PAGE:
We are living in an increasingly political climate, but we have to make sure that our politics – and the energy we have to express our respective political leanings, whatever they might be – are channelled in a productive way.
Sure, people have legitimate gripes with the Liberal government and Kathleen Wynne herself, but she was not there to extol the virtues (or lack thereof) of her government’s plan to hike the minimum wage or all the wonderful impacts they have had on your hydro bill. She was there to support the athletes.
She did not bring politics of any sort into the forum. It is simply not the Canadian way.
Unlike some of the leaders south of our border, I simply can’t imagine Ms. Wynne, Mr. Brown, or Ms. Horwath – or Mr. Trudeau, Mr. Scheer, or newly-minted NDP leader Jagmeet Singh – ever dreaming about coming into an event such as the Invictus Games boasting about the size of their respective caucus.
If they can resist a northward creep of southern bluster, so can we as voters.
Fortunately, the Premier was not outwardly rattled by the cat calls and proceeded to set the correct tone.
“Whether you were in the pool, on the court, on a bike or up in the stands, you felt it,” said the woman who apparently did not deserve to tell her grandchildren she saw Bruce Springsteen, addressing the sea of international athletes. “Something very special was happening here in Toronto. We all felt it. It has been our privilege to host the third Invictus Games, and to have the opportunity to see exactly what unconquered looks like.
“The road here was not easy for any of you, but you were determined to take it. Maybe you hope that you were going to prove something to yourselves, but in the end, you proved something to all of us. You’re helping everyone to better understand not only the sacrifices servicemen and women make for our benefit but also the invincible strength and spirit in each of you and all of us.”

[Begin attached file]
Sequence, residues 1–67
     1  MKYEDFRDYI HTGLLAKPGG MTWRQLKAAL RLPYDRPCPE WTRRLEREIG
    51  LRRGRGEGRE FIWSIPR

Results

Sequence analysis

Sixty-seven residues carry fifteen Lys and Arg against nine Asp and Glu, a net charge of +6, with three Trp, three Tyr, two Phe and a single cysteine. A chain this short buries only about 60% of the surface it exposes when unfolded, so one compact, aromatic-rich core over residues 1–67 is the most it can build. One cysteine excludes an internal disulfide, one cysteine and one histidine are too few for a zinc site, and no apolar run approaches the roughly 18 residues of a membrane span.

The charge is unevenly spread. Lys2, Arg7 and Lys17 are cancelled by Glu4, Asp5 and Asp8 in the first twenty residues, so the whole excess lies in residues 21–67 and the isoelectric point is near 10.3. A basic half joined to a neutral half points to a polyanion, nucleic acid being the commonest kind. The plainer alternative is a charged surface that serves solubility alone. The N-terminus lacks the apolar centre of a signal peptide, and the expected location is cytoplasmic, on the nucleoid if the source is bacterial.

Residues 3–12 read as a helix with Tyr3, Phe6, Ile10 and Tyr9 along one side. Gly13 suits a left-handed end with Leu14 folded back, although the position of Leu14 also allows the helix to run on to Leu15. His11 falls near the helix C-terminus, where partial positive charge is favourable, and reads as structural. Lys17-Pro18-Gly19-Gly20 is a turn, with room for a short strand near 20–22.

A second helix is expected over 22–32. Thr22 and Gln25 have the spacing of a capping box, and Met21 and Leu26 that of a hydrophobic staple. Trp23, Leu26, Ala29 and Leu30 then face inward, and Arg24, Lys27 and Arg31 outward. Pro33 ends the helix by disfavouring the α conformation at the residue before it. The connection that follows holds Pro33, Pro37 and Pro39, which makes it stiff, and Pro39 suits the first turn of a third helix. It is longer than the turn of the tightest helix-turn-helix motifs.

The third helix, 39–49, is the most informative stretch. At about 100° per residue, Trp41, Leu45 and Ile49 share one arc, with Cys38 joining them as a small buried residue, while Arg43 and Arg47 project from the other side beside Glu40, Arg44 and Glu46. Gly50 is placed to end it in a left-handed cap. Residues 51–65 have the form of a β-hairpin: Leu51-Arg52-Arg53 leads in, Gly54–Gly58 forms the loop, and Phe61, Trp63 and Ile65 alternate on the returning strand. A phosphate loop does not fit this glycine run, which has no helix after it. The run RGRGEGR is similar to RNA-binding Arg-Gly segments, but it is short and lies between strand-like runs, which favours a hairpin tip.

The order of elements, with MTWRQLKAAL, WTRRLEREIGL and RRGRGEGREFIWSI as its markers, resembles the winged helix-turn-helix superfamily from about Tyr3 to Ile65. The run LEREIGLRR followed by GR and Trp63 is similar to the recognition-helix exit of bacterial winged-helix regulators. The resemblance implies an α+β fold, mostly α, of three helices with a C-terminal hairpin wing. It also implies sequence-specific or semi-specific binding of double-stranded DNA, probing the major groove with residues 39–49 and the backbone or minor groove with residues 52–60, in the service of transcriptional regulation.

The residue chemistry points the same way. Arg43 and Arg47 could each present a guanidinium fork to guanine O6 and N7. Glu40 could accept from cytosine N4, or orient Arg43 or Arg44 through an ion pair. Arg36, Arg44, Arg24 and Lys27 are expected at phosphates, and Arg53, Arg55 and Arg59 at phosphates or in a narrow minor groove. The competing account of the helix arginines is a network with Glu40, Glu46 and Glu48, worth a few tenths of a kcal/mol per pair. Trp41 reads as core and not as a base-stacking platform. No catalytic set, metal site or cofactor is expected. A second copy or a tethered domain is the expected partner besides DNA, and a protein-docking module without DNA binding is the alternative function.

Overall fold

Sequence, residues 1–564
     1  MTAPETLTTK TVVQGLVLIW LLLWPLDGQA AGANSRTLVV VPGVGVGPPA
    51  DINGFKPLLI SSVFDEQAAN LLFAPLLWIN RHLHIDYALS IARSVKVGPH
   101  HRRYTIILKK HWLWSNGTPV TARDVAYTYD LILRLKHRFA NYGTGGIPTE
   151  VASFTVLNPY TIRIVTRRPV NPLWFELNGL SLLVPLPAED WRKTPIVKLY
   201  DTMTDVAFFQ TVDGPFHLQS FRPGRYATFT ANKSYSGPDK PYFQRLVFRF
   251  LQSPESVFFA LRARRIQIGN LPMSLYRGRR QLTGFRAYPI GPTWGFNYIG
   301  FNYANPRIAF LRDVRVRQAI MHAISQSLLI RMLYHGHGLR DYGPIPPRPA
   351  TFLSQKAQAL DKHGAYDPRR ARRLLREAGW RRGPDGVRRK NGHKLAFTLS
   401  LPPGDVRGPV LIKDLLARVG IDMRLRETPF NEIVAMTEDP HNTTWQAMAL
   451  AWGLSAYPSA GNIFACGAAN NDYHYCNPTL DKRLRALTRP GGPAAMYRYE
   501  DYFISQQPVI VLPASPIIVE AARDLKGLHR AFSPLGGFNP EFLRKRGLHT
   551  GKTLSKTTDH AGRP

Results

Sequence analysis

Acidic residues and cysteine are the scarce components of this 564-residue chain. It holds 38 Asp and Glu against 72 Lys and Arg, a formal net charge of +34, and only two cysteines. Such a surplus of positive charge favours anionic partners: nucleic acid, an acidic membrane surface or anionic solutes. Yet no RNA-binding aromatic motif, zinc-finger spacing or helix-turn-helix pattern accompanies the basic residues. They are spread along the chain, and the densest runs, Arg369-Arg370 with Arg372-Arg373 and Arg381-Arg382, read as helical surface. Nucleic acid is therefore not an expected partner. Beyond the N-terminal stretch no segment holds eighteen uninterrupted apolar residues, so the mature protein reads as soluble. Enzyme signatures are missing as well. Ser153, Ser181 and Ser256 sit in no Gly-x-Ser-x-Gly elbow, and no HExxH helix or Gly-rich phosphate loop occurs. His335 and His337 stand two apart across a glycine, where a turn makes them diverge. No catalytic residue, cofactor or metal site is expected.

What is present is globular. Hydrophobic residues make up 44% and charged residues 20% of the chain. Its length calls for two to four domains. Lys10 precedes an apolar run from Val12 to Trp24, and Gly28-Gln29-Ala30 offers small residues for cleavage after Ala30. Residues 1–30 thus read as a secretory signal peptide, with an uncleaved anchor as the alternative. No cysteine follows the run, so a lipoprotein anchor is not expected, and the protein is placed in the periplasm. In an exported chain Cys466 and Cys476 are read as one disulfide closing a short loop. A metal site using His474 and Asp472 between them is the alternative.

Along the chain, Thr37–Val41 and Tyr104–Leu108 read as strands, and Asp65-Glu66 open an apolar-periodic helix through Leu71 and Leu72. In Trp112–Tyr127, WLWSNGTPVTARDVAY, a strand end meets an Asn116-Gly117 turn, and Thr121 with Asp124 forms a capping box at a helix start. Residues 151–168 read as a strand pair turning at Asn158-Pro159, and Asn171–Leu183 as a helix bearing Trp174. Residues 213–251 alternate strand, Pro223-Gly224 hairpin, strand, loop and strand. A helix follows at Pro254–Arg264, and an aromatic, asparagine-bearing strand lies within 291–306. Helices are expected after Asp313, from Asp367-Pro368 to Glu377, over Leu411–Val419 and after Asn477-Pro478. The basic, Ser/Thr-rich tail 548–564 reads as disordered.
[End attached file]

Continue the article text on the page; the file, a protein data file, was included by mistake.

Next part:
In the end, Prince Harry, founder of the Invictus Games, issued everyone a challenge we would all be wise to heed, whether you want to effect change by volunteering with a community group or helping your candidate of choice sweep in the reforms you want.
“I told you you would be inspired, but I didn’t tell you these Games would leave you questioning whether you were living to your own true potential,” said Prince Harry, reflecting on the words he shared at the previous week’s opening ceremonies. “To the thousands who filled the stands this week to the millions who watched at home let me issue you a challenge: don’t just move on from these Games with happy memories. Instead, make an Invictus goal for yourselves. Let the examples of service and resilience that you have seen inspire you to take action to improve something, big or small, in your life for your family or for your community. Let’s create a ripple effect of the Invictus spirit across our nations that will be the real legacy of this extraordinary week.”